It’s normal for puppies to do this as in the wild after leaving the den, being protective around food would prevent them from going hungry. But they’re not in the wild, they’re in your home where there’s plenty of food, so there’s no need to be defensive.
You should be actively discouraging this instinct, especially if you have young children.
Young dogs often have a tantrum when they’re left alone, but you need to teach them to deal with you not being around 24/7. If your puppy cries or whines when you leave the room or house, don’t be tempted to race back to comfort them.
Instead, wait until your pooch is quiet and relaxed until you return. This will help your pup understand that being calm gets them attention, not being noisy!
Puppies require a high-quality diet targeted specifically for young dogs to ensure they grow up big and strong. Adult dog food is still unsuitable for your 12-week-old puppy as it doesn’t contain the nutrients they need for development.
Your puppy still needs frequent feedings, 3 to 4 split up over the day. Make sure you feed them appropriate portion sizes for their age too. Most commercial puppy foods will have feeding guidelines on the packaging so you can check that you’re feeding your pooch enough.
Keep an eye on your puppy’s weight to make sure they’re not losing or gaining too much body mass. If your companion is regularly leaving a meal, it might mean you’re feeding too much.
Additionally, if you feed your puppy treats in training sessions, make sure you adjust the quantity you feed at mealtimes
12-Week-Old Puppy Socialisation
While your puppy is likely to be on a rampage around the house with all their newfound energy, that energy pairs well for building up their social skills. Your puppy should have had their second vaccination at this age, so you’re free to take them to public places to meet people and other dogs.
Socialising your pooch is critical as it teaches them how to behave around humans and canines. This step is important as it has a huge impact on the type of dog your pup will eventually grow into.
Introduce your companion to as many people, dogs, and places as you can to increase their confidence (puppy classes are a great idea!). If you live in a city or busy area, get your pup accustomed to cars, bicycles, buses, and other normal sights and sounds of everyday life.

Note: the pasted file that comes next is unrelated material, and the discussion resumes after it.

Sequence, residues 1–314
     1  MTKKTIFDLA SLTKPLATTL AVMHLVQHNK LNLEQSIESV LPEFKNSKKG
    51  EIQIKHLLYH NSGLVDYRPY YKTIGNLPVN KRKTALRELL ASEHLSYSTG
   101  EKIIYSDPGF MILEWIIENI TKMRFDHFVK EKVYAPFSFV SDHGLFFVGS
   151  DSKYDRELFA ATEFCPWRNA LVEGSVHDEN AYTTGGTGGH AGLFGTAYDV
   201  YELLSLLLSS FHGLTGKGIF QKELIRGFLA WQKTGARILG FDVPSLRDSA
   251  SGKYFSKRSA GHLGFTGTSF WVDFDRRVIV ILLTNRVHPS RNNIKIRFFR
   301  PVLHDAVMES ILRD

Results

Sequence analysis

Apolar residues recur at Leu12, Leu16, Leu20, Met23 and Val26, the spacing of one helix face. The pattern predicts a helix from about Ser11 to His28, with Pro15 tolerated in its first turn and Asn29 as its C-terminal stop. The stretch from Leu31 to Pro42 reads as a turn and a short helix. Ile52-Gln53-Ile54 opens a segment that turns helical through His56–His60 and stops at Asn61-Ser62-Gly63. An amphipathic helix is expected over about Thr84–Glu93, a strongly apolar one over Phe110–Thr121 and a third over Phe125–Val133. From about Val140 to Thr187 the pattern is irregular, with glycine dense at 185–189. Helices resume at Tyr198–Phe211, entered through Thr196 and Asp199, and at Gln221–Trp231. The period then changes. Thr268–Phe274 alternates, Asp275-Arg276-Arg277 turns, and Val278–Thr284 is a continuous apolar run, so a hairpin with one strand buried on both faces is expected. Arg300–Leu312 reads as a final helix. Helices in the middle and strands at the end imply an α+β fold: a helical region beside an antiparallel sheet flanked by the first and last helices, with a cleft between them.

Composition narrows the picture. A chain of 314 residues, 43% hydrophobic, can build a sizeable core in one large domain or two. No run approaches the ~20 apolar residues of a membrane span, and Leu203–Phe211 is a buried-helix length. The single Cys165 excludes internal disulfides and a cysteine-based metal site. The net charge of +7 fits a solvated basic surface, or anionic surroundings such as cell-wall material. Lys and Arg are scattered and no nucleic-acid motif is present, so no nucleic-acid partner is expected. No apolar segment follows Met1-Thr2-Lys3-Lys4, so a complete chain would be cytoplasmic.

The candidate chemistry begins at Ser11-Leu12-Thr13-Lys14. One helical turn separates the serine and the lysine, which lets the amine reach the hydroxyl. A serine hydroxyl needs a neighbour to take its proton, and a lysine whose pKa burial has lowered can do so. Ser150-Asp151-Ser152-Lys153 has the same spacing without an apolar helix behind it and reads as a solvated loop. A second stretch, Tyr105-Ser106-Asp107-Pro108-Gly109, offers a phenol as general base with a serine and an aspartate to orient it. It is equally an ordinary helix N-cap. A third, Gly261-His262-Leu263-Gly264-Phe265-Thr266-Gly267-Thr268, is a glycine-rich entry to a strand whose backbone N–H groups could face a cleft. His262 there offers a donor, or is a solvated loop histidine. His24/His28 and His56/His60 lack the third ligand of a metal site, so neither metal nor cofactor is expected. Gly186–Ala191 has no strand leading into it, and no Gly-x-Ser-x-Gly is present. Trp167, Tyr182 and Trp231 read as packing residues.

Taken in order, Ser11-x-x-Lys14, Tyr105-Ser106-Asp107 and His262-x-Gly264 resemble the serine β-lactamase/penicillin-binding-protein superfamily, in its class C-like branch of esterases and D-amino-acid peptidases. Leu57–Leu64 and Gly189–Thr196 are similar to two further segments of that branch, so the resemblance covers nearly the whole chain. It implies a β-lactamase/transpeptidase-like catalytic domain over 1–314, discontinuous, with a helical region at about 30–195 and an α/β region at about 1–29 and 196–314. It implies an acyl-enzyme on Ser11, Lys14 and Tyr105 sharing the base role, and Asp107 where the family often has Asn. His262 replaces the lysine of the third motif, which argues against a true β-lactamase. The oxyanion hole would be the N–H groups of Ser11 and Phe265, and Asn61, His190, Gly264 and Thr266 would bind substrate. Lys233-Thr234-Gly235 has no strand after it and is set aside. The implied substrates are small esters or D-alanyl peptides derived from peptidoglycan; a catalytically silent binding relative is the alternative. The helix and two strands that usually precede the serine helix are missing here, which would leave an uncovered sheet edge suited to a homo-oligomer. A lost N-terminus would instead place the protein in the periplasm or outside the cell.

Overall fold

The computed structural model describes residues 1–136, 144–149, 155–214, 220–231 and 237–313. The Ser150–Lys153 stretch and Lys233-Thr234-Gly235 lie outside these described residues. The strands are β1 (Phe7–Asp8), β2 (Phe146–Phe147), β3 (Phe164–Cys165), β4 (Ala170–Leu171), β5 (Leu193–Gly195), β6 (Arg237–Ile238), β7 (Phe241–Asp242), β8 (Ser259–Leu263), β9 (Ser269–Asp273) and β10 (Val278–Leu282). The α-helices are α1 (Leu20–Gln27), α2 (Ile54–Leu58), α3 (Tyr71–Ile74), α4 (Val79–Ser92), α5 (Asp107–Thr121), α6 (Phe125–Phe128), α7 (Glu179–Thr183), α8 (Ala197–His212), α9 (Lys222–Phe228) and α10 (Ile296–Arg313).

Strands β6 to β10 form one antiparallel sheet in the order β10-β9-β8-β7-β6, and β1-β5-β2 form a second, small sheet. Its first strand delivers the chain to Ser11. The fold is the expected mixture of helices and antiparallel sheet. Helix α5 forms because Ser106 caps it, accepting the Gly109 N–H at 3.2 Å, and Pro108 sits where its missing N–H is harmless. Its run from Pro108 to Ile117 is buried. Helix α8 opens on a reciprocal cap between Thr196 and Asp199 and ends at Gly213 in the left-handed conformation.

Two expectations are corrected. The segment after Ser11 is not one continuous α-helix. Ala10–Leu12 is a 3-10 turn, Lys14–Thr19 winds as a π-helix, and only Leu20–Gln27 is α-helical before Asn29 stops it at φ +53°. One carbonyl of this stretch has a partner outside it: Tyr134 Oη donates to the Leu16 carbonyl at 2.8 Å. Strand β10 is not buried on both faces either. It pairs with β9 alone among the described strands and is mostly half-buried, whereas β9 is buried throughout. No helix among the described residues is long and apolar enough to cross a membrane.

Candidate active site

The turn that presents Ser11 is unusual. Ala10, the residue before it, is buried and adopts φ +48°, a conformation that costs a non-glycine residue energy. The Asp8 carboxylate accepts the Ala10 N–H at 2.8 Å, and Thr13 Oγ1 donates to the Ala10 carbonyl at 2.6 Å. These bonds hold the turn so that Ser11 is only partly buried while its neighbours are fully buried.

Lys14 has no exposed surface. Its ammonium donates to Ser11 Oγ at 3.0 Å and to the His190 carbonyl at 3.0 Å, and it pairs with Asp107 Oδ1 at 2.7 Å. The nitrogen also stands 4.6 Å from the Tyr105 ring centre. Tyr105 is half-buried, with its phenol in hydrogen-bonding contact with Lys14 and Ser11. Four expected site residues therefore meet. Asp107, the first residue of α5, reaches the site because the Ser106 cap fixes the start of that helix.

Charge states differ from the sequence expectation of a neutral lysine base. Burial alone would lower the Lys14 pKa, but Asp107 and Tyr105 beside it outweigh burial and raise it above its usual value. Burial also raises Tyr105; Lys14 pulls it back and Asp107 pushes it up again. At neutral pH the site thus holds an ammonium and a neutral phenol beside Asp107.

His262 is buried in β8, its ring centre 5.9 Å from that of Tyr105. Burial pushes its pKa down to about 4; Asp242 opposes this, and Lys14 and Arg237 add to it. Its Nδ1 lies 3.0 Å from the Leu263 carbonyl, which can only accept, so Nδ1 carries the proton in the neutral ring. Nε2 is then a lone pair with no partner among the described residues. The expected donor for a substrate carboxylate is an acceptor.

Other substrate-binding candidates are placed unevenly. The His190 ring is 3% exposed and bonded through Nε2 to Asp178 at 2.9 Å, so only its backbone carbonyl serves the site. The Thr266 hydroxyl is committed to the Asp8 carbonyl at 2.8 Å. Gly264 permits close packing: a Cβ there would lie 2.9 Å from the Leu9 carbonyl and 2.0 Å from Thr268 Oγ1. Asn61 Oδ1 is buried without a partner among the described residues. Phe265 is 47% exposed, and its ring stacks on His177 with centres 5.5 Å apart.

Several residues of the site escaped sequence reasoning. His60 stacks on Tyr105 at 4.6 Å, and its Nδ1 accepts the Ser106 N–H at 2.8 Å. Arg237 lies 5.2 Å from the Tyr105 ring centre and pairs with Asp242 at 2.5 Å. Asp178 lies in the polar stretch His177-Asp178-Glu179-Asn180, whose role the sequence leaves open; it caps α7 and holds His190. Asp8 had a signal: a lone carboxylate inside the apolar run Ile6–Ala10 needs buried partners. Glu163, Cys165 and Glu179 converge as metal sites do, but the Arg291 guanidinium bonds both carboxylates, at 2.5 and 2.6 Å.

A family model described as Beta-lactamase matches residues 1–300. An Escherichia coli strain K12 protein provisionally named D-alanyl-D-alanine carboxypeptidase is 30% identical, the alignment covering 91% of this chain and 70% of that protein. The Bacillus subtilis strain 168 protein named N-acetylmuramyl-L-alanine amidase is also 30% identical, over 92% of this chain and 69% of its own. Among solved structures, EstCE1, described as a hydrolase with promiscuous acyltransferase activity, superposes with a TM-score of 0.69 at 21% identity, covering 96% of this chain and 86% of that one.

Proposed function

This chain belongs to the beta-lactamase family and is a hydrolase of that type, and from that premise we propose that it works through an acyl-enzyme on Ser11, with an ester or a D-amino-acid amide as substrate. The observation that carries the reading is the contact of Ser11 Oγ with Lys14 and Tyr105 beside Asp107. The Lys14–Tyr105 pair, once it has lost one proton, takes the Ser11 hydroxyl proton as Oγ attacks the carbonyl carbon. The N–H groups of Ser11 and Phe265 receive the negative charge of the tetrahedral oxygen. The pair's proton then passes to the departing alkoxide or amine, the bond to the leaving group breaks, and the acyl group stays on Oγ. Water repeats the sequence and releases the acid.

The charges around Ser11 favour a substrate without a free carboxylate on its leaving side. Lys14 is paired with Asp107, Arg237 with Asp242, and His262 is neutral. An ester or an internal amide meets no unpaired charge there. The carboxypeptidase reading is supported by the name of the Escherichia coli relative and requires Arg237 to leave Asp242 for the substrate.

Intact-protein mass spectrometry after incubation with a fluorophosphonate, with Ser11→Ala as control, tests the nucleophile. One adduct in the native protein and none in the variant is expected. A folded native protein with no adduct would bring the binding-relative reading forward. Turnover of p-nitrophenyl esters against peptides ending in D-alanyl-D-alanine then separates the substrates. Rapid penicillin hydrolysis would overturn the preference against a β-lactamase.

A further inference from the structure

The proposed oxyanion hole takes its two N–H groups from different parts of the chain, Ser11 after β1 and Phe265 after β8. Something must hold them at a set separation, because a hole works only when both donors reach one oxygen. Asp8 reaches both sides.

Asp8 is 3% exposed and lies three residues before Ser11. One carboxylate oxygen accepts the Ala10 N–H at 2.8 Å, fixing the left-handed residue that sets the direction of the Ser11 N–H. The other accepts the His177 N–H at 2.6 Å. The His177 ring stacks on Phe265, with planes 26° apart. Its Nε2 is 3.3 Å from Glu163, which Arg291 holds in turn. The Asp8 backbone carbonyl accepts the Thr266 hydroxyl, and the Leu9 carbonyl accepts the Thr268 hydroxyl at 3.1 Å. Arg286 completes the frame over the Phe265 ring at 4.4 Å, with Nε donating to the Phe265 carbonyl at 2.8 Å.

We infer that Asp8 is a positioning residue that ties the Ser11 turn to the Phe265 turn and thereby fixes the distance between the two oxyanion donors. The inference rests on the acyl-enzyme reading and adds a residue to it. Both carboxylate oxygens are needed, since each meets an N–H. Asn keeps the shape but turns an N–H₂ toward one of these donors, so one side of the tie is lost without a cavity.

They may be excited or frightened the first few times they see or hear something new, and this is completely normal. Don’t make a big fuss out of it and simply keep walking.
Additionally, if your puppy is excited whenever they walk past a stranger, don’t be afraid to politely tell the person not to interact with your dog. It’s important not to reward or unintentionally reinforce undesirable behaviour such as jumping and mouthing. It might be cute while your puppy is small, but it certainly won’t be when they’re a fully grown adult!
With time, your puppy will lose interest on account of being subjected to the object or situation over and over again.
For more information, read our article how to walk a puppy for the first time.
12-Week-Old Puppy Appearance
Your puppy will be a little bigger than they were at 8 weeks old, both in weight and height. However, they still have a lot of growing to do before they reach adulthood size.
Puppies at this age have very soft fur that doesn’t shed very much. When bathing your puppy, opt for a dog shampoo that is hypoallergenic with a low pH so you don’t irritate their sensitive skin.
In addition, your pup’s adult colours and markings won’t be apparent just yet. For example, a Yorkshire terrier puppy is black and tan while young, but turns a golden and bluey-grey colour once mature.
12-Week-Old Puppy Health and Care
By 12 weeks old, your puppy should have had their first course of vaccinations, ideally their second dose too. Once they’ve completed both, there are a lot more adventures you can go on with your pooch.
As your puppy grows, so will their exercise requirements. Daily walks are a vital component of dog ownership as they provide mental and physical enrichment. This is important for your pup’s health and wellbeing, helping prevent many issues such as obesity.
Although your puppy won’t be able to go on long walks just yet, you should still let them burn off some steam at your local park. Around 15 to 20 minutes of exercise is adequate for most puppies.
Be careful not to overexercise your puppy as this can cause strain on their joints and legs, which could result in stunted development or even injury.
Alongside vaccinations and walks, you should be keeping on top of your puppy’s grooming needs. This includes brushing their coat, clipping their nails, and cleaning their teeth and ears.
Depending on your puppy’s breed and the length of their coat, they may need daily or weekly brushing. Either way, it’s important to get your puppy used to grooming equipment as soon as possible to avoid any problems in the future.
Most puppies need their nails clipped every 3 to 4 weeks, but daily walks will help with wearing them down. Only use dog clippers when trimming your pooch’s nails and make sure you avoid the quick (it will look like a dark pink or red root in dogs with clear nails).
Ears should be cleaned once a week with pet ear cleaner and some cotton wool pads. Never insert cotton wool buds or objects directly into your puppy’s ears as this can cause damage to the eardrum or ear canal.
Lastly, aim to brush your companion’s teeth a few times a week with a soft toothbrush and toothpaste tailored for dogs. Bear in mind that most dogs dislike having their teeth cleaned, but the task needs to be done to prevent dental issues like gum disease.